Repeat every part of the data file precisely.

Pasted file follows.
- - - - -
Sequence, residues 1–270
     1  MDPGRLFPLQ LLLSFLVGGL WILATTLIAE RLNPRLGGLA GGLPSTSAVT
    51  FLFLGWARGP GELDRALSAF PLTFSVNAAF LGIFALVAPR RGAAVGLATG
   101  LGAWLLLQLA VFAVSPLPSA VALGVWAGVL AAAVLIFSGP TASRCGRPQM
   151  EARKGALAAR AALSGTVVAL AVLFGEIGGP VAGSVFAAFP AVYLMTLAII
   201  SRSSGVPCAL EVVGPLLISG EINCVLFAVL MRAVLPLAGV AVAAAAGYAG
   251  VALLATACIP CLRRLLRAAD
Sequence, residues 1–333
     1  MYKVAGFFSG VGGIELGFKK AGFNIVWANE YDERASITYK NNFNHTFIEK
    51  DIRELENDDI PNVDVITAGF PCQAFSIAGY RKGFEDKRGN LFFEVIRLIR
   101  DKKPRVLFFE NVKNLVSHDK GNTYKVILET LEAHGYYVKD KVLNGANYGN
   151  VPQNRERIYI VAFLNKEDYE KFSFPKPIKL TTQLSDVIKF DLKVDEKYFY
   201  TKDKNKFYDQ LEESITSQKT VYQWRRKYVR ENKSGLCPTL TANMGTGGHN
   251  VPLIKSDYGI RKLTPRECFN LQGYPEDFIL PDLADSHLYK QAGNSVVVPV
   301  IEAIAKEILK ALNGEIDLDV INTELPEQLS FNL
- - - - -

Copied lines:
Sequence, residues 1–270
     1  MDPGRLFPLQ LLLSFLVGGL WILATTLIAE RLNPRLGGLA GGLPSTSAVT
    51  FLFLGWARGP GELDRALSAF PLTFSVNAAF LGIFALVAPR RGAAVGLATG
   101  LGAWLLLQLA VFAVSPLPSA VALGVWAGVL AAAVLIFSGP TASRCGRPQM
   151  EARKGALAAR AALSGTVVAL AVLFGEIGGP VAGSVFAAFP AVYLMTLAII
   201  SRSSGVPCAL EVVGPLLISG EINCVLFAVL MRAVLPLAGV AVAAAAGYAG
   251  VALLATACIP CLRRLLRAAD
Sequence, residues 1–333
     1  MYKVAGFFSG VGGIELGFKK AGFNIVWANE YDERASITYK NNFNHTFIEK
    51  DIRELENDDI PNVDVITAGF PCQAFSIAGY RKGFEDKRGN LFFEVIRLIR
   101  DKKPRVLFFE NVKNLVSHDK GNTYKVILET LEAHGYYVKD KVLNGANYGN
   151  VPQNRERIYI VAFLNKEDYE KFSFPKPIKL TTQLSDVIKF DLKVDEKYFY
   201  TKDKNKFYDQ LEESITSQKT VYQWRRKYVR ENKSGLCPTL TANMGTGGHN
   251  VPLIKSDYGI RKLTPRECFN LQGYPEDFIL PDLADSHLYK QAGNSVVVPV
   301  IEAIAKEILK ALNGEIDLDV INTELPEQLS FNL